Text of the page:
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London schools worst affected by latest teacher strikes


London schools worst affected by latest teacher strikes


ondon was the most affected region of the country in the latest teacher strikes, with less than one in five schools fully open to pupils.

Data from the Department for Education showed just 18% were fully open in the capital on both days, while 18% and 17% of schools were fully closed on Wednesday and Thursday respectively.

Tens of thousands of members of the National Education Union (NEU) took part in two consecutive days of strike action across England in a long-running dispute over pay.

The majority of schools in England closed their doors to some pupils due to the teachers’ industrial action, the data showed.

The Department for Education said 47% of the 16,100 state-funded schools known about were fully open on Wednesday, while 47% were open but restricting attendance and 6% closed.

On Thursday, 46% of 16,200 schools were estimated to be fully open, with 47% open but restricting attendance and 6% closed.

Meanwhile, just 14% of secondary schools were fully open on Thursday, compared to 53% of primary schools and 31% of special schools.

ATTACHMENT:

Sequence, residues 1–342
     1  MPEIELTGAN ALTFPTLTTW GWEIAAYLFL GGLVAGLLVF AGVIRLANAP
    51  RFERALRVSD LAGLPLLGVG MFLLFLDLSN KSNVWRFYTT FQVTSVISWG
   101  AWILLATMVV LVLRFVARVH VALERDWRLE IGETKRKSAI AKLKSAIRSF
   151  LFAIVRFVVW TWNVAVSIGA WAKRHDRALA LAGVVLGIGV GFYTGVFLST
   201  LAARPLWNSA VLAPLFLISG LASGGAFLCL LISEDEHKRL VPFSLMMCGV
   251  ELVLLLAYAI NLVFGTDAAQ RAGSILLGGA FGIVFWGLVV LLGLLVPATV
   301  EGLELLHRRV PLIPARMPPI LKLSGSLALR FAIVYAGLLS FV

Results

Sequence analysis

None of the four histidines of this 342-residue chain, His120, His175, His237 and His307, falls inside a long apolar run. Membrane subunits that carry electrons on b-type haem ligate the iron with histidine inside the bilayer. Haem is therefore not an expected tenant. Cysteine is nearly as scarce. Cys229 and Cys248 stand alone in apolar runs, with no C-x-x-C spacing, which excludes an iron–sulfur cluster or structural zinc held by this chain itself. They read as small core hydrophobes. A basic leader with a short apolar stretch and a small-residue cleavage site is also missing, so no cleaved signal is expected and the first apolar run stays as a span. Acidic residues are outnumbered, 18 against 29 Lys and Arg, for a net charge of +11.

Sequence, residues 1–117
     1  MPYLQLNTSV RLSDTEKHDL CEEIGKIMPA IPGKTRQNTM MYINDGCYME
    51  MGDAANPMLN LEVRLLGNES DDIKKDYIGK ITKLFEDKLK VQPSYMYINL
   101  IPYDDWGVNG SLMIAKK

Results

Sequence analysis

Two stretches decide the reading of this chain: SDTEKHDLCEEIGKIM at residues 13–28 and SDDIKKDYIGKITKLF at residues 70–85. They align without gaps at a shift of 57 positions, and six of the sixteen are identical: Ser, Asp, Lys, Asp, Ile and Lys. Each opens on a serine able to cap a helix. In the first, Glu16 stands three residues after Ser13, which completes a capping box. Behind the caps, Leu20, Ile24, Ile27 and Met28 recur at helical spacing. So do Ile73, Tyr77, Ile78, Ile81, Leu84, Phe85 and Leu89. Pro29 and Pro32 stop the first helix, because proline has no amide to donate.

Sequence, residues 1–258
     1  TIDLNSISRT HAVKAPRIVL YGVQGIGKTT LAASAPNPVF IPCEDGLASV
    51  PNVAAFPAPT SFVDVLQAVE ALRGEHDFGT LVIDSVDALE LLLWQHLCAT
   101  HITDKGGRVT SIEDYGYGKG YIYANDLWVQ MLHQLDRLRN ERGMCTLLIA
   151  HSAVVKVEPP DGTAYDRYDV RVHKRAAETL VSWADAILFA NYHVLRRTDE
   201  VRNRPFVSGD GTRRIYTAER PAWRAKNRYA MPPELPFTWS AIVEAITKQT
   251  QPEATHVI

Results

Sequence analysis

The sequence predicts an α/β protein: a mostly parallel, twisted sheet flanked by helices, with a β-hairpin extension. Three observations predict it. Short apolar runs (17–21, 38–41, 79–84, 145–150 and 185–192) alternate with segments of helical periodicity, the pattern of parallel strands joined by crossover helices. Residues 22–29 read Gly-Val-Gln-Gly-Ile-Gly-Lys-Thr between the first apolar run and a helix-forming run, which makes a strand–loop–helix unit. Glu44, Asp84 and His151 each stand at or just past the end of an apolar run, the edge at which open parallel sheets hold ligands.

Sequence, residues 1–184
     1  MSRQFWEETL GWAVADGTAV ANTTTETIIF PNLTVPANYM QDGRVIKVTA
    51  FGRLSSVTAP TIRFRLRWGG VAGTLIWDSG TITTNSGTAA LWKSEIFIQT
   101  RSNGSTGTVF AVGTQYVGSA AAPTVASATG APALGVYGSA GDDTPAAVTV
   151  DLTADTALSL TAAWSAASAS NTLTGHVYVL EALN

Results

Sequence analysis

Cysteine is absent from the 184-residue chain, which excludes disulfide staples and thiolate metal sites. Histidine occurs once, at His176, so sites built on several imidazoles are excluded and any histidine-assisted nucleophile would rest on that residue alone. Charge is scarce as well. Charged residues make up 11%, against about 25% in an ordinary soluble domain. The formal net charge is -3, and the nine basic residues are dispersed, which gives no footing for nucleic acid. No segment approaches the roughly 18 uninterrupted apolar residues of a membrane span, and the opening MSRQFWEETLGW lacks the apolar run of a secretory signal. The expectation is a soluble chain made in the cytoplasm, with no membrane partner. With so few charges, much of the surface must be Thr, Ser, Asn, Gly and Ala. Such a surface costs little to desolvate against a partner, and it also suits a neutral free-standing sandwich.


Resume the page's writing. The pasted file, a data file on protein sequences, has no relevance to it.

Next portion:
It meant parents were having to make arrangements to look after their children, as most schools were either fully or partially closed to students.

Education Secretary Gillian Keegan first invited the NEU to formal talks on teachers’ pay three weeks ago on the condition that the union’s planned strikes were cancelled.

But the NEU refused to suspend strike action in England until Ms Keegan makes a pay offer that could end the dispute.

On Thursday disruption was also brought by striking members of the Rail, Maritime and Transport union (RMT) at 14 train operating companies who walked out in a long-running row over pay, jobs and conditions.

Trains started later than normal, at about 7.30am, and finished earlier than usual, at around 6.30pm.

It affected operators such as CrossCountry, Great Western Railway, Northern and Southeastern.

Across Britain, between 40-50% of normal weekday services were expected to run, but some areas have had no trains all day.

Disruption is likely to continue into Friday as many trains will not be at the usual depots overnight.

Tens of thousands of staff at 150 universities across the UK – including academics, librarians, technicians, security and catering workers – began five days of strikes on Thursday.

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